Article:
Draft Code of Practice

Code of Practice on requests for flexible working

Published

About this draft

Important: This Code of Practice is in draft form for parliamentary approval, following consultation in 2023. If approved, this Code is expected to come into effect in April 2024.

This version of the Code includes a non-statutory Foreword. This Foreword was not included in the version of the statutory Code which was laid in Parliament, available on GOV.UK. The Foreword does not form part of the statutory Code.

The current Acas Code of Practice on handling flexible working requests applies until the new Code comes into effect.

We will publish a full response to our consultation before the new Code comes into effect.

Foreword

The Acas statutory Code of Practice on requests for flexible working is set out in paragraphs 1 to 38 below. This Foreword does not form part of the Code.

The Code relates to the statutory right to request flexible working as set out in the Employment Rights Act 1996 (as amended) and regulations made under it. The Act defines a statutory request as a request for a change to an employee's terms and conditions relating to their hours, times or place of work. The Code provides guidance for employers and employees on their legal rights, responsibilities and good practice in making and handling statutory requests for flexible working.

Flexible working is a broad term used to describe any working arrangement that meets the needs of both the employee and the employer regarding when, where and how an employee works. Examples include, but are not limited to:

  • part-time working
  • homeworking 
  • hybrid working
  • flexitime
  • job sharing
  • compressed hours 
  • annualised hours
  • term-time working
  • team-based rostering

Employers and employees can agree such arrangements informally (without using the statutory procedure). This Code of Practice must be followed where an employee makes a statutory request for flexible working. The processes and considerations it sets out may also be helpful in handling informal requests.

Investment in flexible working can bring many benefits to employers and employees. It can:

  • help people to better balance their working lives alongside their personal responsibilities, needs and preferences
  • be beneficial for health and wellbeing
  • make employment more accessible for more people 
  • help employers address labour and skills shortages
  • improve staff retention and recruitment
  • create more diverse and inclusive workplaces

Flexible working can bring benefits in workplaces of every size and in all sectors. While not every type of flexible working will be suitable for every role and every organisation, flexible working can take many forms. The starting position should be to consider what may be possible.

Where possible and appropriate, employers should build flexibility into job roles when designing jobs, and advertise during recruitment that they are open to discussing flexible working options. This can support early and constructive conversations with existing and prospective employees about options to work flexibly.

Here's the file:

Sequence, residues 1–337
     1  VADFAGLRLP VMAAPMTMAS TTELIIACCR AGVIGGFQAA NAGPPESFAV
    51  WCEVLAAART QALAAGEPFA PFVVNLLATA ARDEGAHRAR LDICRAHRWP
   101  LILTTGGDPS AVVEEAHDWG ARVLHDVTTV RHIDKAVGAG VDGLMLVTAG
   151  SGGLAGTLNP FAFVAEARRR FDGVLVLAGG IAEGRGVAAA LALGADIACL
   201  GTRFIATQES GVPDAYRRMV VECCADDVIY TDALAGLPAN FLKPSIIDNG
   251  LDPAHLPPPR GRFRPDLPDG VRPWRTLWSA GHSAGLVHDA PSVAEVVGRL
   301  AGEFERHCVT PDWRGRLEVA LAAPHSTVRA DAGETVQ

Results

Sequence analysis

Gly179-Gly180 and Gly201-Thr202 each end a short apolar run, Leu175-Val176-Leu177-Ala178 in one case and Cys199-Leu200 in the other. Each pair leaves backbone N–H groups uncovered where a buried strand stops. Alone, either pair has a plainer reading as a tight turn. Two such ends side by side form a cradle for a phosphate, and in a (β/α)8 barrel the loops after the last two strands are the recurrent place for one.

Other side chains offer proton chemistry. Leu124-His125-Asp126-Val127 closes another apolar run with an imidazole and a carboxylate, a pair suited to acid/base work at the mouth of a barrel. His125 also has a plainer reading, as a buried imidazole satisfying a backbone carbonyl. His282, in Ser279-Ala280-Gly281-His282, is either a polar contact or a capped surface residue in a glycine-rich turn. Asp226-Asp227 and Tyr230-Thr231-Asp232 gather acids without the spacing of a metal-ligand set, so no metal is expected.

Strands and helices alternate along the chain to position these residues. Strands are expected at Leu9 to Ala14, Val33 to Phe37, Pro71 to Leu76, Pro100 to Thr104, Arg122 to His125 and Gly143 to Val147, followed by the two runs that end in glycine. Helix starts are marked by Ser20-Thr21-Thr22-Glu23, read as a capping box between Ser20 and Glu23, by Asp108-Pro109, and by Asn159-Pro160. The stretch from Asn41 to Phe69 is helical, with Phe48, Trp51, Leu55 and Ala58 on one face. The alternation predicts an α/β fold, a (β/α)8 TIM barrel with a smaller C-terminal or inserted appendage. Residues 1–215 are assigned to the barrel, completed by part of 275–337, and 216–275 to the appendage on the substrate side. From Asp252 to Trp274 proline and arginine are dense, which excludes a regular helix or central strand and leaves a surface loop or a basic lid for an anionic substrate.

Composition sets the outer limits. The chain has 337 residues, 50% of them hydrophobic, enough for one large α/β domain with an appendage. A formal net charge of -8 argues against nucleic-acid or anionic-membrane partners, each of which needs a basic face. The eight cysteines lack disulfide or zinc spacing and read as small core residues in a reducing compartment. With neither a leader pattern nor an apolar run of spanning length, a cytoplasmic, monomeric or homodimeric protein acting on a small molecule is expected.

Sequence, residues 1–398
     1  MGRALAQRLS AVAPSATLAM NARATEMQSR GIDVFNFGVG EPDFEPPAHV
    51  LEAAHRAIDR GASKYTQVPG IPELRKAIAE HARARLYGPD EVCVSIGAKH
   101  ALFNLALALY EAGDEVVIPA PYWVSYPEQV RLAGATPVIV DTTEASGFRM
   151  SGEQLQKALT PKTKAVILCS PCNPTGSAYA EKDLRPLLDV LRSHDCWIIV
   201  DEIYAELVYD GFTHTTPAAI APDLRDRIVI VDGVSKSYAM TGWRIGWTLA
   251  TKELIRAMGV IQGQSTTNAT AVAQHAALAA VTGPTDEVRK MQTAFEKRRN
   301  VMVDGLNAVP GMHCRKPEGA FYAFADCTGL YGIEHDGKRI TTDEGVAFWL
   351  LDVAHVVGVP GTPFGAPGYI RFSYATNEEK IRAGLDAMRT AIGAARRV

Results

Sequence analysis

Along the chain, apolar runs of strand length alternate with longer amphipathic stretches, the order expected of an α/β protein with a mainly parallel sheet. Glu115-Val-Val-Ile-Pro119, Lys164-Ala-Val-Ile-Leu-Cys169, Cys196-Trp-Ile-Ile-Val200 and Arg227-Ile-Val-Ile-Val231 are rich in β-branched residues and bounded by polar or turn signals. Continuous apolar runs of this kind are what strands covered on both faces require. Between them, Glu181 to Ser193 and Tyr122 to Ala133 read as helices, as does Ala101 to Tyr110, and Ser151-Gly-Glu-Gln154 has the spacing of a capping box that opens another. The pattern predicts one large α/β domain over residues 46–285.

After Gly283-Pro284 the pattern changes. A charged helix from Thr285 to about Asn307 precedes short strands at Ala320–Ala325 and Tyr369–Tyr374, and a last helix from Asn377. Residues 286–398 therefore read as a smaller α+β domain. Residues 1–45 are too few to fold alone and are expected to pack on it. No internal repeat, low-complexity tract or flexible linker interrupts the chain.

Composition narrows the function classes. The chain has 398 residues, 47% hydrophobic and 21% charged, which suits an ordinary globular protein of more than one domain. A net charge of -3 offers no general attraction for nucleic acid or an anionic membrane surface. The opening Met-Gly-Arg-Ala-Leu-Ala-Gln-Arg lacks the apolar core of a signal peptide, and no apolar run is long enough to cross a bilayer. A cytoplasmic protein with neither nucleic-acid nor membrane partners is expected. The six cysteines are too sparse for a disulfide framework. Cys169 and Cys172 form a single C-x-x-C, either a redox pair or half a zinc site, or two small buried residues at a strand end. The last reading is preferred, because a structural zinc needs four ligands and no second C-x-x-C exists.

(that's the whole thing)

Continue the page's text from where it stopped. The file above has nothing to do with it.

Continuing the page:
Business leaders and line managers play an important role in creating a positive culture around flexible working in their organisations. Managers should be trained to handle requests fairly and reasonably, including complying with their additional legal duties under the Equality Act 2010.

Welcoming and being open to all requests can give employees confidence to discuss flexible working and help achieve the best outcome for everyone.

Meetings about requests should be approached with an open mind. They are a valuable opportunity to listen and engage meaningfully with each other so that a fully informed, evidence-based decision can be made. This includes jointly exploring alternative solutions if the original request cannot be accepted.

Allowing an employee to be accompanied at a meeting to discuss a request can be helpful in giving employees confidence to make requests and in supporting both parties to find a mutually agreeable solution.

Employers must agree to a statutory request for flexible working unless there is a genuine business reason not to. The potential business reasons are specified in the Employment Rights Act 1996 and set out in paragraph 9 of the Code.

Where a request is rejected, clear communication about the reasoning, and impartial handling of any appeal, can help establish understanding and trust that the request has been handled reasonably.

Further guidance on flexible working which accompanies this Code is provided on the Acas website.

Notes

This Code is issued under sections 199 and 200 of the Trade Union and Labour Relations (Consolidation) Act 1992 and was laid before both Houses of Parliament on 11 December 2023. It comes into effect by order of the Secretary of State on [date to be confirmed]. It replaces the 'Acas Code of Practice on handling in a reasonable manner requests to work flexibly' which was issued in 2014.

A failure to follow the Code does not, in itself, make a person or organisation liable to legal proceedings. However, employment tribunals will take the Code into account when considering relevant cases.

'Must' and 'should'

Throughout this Code the word 'should' is used to indicate what Acas considers to be good employment practice, rather than legal requirements. The word 'must' is used to indicate where something is a legal requirement.

The Code of Practice

Introduction

1. This Code provides guidance to employers and employees on the statutory right to request flexible working as set out in the Employment Rights Act 1996 (as amended) and regulations made under it.